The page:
Monday, 7 March 2011

Review: Derai

Derai by E C Tubb

Earl Dumarest on his quest to find his home planet Earth takes on the job of escorting home a runaway noble girl who seems to be insane.  For Dumarest, this seems to be an easy, lucrative job that will bring him one step closer to his goal, but things don't turn out as neat as expected.  The girl Derai's instability covers a dangerous secret–one which places her at the centre of plots and intrigues of galactic proportions and which throws Dumarest up against his enemy the Cyclans, the human computers bent on universal domination. 

Derai is an interesting book because its not only a marvelous page-turner that highlights Tubb's ability to create exotic, barbarous and dangerous worlds, but it is also pivotal to the emerging formula of the  Dumarest Saga.  The second book in the 33 volume series, Derai is where Tubb starts to develop the main characteristics of the story. Until now, Dumarest's wanderings have been voluntary and he's always had the option of stopping and settling down–provided he can find a safe planet to do so.  Put in Derai. Dumarest is given both a powerful emotional shove from his tragic love affair with the title character and by coming into direct conflict with the Cyclan in a way that changes Dumarest's dislike for them into hatred and soon turning the Cyclan into an enemy that makes Dumarest as much a fugitive as a seeker.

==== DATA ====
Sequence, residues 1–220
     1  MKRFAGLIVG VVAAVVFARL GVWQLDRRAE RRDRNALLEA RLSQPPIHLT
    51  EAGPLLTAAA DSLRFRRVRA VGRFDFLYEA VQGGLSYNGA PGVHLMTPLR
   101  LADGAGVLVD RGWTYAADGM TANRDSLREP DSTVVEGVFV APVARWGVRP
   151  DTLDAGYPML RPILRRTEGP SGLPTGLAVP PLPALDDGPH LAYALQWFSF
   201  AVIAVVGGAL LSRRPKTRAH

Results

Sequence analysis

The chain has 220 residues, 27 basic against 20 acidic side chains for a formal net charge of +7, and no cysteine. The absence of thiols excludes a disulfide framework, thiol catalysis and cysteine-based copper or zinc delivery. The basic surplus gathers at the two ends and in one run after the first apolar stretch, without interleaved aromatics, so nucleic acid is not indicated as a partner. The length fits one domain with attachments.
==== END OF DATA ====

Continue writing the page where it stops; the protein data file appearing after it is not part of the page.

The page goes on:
It's a tidy book filled with action and intrigue that does not disappoint as well as Tubb's ability to play with ideas of life and death that are surprisingly subtle and disturbing.   It's not only of interest to the casual reader who wants an easy read on a wet afternoon, but also for the writer wanting to learn how to craft a formula and keep it fresh over nearly three dozen iterations.

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